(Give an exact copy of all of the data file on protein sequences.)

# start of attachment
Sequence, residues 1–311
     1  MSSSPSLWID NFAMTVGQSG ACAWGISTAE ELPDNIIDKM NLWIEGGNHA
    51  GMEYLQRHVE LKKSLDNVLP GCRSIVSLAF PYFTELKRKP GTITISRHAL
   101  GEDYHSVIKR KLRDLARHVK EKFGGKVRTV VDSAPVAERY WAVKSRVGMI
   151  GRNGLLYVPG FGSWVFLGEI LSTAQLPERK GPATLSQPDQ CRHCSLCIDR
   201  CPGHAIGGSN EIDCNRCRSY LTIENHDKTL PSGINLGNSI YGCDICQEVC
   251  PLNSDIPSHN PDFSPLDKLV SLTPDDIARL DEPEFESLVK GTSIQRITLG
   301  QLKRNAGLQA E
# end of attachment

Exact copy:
Sequence, residues 1–311
     1  MSSSPSLWID NFAMTVGQSG ACAWGISTAE ELPDNIIDKM NLWIEGGNHA
    51  GMEYLQRHVE LKKSLDNVLP GCRSIVSLAF PYFTELKRKP GTITISRHAL
   101  GEDYHSVIKR KLRDLARHVK EKFGGKVRTV VDSAPVAERY WAVKSRVGMI
   151  GRNGLLYVPG FGSWVFLGEI LSTAQLPERK GPATLSQPDQ CRHCSLCIDR
   201  CPGHAIGGSN EIDCNRCRSY LTIENHDKTL PSGINLGNSI YGCDICQEVC
   251  PLNSDIPSHN PDFSPLDKLV SLTPDDIARL DEPEFESLVK GTSIQRITLG
   301  QLKRNAGLQA E